By Peter SlavinThe situation in the Coal River valley was grim. The latest court ruling had been unfavorable. Clear cutting the forest, a forerunner of blasting, had started on the last intact mountain. There was an epic meeting, lasting hours—one that would take the decade-long fight against mountaintop removal (MTR) strip mining in West Virginia in a daring direction. Mathew Louis-Rosenberg ’05 remembers the 20 or so people crammed together in the little room, the intensity, the talk that “it was time to create an iconic place, an iconic fight,” the doubts that they could organize such an ambitious campaign, the fear that participants would face real danger. Massey Energy, the giant coal company in the valley, played for keeps. Louis-Rosenberg recalls how, in the end, legendary environmental hell-raiser Mike Roselle spoke up and persuaded the rest of them they could do it. They would undertake a campaign of direct action and nonviolent civil disobedience on mountaintop removal mine sites in the area. Massey would be their primary target and saving Coal River Mountain their immediate aim.
By Ian Barbour ’64Human beings are related to nature not as isolated individuals but as members of social institutions that have far-reaching impacts on the environment. The environmental crisis raises questions about sustainability, patterns of consumption, and population growth. Degraded land, eroded soil, and decimated fisheries and forests will take many decades to recover. We are living off biological capital, not biological income. Many of the impacts of our technologies will be felt by future generations. Radioactive wastes from today’s nuclear power plants will endanger anyone exposed to them 10,000 years from now. The world of politics, however, takes a very short-term view. Political leaders find it difficult to look beyond the next election. The main concern of business and industry is this year’s bottom line. Economic calculations give little weight to long-term consequences because a time discount is applied to future costs and benefits.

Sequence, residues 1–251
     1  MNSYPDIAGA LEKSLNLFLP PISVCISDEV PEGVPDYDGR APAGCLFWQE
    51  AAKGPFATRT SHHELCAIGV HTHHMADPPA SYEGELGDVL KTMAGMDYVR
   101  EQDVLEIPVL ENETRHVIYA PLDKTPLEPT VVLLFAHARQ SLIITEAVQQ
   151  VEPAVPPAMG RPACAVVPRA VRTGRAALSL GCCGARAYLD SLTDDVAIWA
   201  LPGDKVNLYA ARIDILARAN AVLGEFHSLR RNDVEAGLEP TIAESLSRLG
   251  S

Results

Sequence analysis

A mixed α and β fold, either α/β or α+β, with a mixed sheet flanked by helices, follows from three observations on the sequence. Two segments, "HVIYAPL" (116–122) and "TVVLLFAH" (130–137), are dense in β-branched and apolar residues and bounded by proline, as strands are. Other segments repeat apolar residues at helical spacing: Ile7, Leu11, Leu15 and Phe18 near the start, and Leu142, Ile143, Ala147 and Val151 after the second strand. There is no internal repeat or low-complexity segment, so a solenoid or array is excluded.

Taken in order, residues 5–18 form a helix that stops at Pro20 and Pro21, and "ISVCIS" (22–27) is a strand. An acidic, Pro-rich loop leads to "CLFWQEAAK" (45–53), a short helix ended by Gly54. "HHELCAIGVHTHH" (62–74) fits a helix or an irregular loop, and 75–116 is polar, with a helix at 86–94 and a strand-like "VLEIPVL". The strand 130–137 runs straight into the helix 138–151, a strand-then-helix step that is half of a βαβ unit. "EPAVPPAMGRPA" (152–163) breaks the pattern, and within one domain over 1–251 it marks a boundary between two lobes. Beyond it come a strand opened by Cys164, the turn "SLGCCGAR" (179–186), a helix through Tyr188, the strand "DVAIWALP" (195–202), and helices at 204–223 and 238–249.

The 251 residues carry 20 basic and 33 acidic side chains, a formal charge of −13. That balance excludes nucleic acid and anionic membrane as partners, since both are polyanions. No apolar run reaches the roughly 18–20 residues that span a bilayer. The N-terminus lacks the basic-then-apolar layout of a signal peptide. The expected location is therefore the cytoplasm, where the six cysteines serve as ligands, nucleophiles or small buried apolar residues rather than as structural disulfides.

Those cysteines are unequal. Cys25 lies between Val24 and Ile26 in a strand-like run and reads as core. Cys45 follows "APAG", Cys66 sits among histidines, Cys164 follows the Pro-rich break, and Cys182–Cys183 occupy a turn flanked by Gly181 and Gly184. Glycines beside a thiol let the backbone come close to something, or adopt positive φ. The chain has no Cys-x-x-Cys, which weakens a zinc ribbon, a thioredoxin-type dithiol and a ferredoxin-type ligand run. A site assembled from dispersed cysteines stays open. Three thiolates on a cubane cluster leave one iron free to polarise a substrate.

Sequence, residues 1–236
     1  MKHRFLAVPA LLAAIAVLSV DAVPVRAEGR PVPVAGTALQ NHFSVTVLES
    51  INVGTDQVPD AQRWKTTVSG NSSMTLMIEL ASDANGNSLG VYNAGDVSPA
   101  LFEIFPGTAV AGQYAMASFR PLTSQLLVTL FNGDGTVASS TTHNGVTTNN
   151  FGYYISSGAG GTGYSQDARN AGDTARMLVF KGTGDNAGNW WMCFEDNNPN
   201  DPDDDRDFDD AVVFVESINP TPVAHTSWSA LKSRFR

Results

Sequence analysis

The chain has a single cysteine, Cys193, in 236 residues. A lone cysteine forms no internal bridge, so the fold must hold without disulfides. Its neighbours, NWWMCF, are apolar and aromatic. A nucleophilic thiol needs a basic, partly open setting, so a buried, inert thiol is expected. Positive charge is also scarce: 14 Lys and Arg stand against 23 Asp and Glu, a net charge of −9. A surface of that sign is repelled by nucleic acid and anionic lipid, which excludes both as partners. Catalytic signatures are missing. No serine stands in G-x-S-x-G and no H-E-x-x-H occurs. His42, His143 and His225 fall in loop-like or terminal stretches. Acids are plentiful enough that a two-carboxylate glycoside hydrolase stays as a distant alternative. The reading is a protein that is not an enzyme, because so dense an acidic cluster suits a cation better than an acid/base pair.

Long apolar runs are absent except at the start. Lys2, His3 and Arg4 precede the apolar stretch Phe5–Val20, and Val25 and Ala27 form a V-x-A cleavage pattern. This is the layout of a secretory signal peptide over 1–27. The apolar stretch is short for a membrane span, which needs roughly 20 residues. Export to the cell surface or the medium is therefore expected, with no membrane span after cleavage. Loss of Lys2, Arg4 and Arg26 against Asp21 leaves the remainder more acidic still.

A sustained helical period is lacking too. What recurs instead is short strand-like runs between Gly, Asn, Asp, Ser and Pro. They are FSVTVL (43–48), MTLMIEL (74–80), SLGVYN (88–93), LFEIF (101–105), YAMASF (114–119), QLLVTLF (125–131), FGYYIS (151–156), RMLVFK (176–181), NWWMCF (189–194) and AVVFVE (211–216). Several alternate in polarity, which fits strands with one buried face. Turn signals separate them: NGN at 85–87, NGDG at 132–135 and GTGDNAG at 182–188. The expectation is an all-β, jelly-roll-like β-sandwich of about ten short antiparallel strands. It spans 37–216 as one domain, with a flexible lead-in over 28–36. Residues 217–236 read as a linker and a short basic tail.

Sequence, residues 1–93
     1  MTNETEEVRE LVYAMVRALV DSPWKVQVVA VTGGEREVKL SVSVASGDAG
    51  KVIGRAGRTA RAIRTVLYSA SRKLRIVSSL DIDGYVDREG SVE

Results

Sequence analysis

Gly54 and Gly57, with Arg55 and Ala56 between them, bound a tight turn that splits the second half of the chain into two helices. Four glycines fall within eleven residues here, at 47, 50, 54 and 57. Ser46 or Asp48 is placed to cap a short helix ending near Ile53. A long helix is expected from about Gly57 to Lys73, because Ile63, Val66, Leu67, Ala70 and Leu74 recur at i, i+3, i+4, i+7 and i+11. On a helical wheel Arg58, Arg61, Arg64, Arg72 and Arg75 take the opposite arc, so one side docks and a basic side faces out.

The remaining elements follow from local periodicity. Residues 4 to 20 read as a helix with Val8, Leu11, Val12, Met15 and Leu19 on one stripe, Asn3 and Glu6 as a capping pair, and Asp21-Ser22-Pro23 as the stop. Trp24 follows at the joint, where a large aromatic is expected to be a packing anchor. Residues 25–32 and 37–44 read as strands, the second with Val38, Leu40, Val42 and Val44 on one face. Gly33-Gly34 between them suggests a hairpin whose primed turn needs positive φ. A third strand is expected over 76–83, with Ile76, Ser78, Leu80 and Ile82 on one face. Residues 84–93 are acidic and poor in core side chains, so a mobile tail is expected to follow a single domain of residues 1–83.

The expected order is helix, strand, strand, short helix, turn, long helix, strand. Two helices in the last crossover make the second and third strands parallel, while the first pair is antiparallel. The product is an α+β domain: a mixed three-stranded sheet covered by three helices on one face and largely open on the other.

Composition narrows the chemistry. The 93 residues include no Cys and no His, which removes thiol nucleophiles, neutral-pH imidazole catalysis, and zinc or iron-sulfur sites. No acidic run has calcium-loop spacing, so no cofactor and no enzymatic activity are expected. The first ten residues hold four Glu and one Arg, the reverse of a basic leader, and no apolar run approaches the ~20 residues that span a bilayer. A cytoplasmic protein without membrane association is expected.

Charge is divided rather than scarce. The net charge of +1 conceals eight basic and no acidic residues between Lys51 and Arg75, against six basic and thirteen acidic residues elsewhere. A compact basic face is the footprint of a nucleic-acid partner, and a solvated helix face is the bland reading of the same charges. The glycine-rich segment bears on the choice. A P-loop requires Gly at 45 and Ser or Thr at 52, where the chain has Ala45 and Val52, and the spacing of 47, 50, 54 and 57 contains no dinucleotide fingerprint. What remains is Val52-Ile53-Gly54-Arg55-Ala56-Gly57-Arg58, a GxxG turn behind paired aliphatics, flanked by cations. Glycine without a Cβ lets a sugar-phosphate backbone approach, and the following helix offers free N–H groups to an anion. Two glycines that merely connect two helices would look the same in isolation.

By David PacchioliHop Bottom, Susquehanna County, population 330, is the kind of leafy Pennsylvania hamlet where old men sit on benches in front of the country store, watching the world go by. There’s no cell-phone service, let alone a Starbucks. “Up until two years ago, if you saw three cars together it had to be a funeral,” says one local, nodding toward Main Street. That world has changed. On a weekday summer morning, the still air echoes with the rumble of heavy trucks: dump trucks and tankers and flatbeds hauling massive equipment. Just up the ridge, cows and horses—and their human neighbors—are getting used to the constant thrum of the drilling rigs and the bright lights that illuminate the well pads through the night. Gangs of hard-hatted workers are clearing land and digging trenches, laying miles of 12-inch pipeline across forest and pasture.
- Amuse, Excite, and Create Wonder
- Board Commissions New Strategic Plan
- Swarthmore’s Class of 2014 by the Numbers
- A Ladder of Lettuce and Other Green Things
- A Swarthmore Survival Guide
A desperately ill child. A bewildering succession of symptoms, along with a shifting assortment of diagnoses. A seemingly endless series of trial-and-error treatments, which compound a degree of symptom relief with unwelcome and even dangerous side effects. This is the world of severe mental illness, a world that Susan Inman aptly terms “a ridiculous hell.” It is the world that Inman brings to life in her wrenching and courageous memoir of her family’s struggle to care for Molly, their teenager, who has developed a severe psychotic disorder.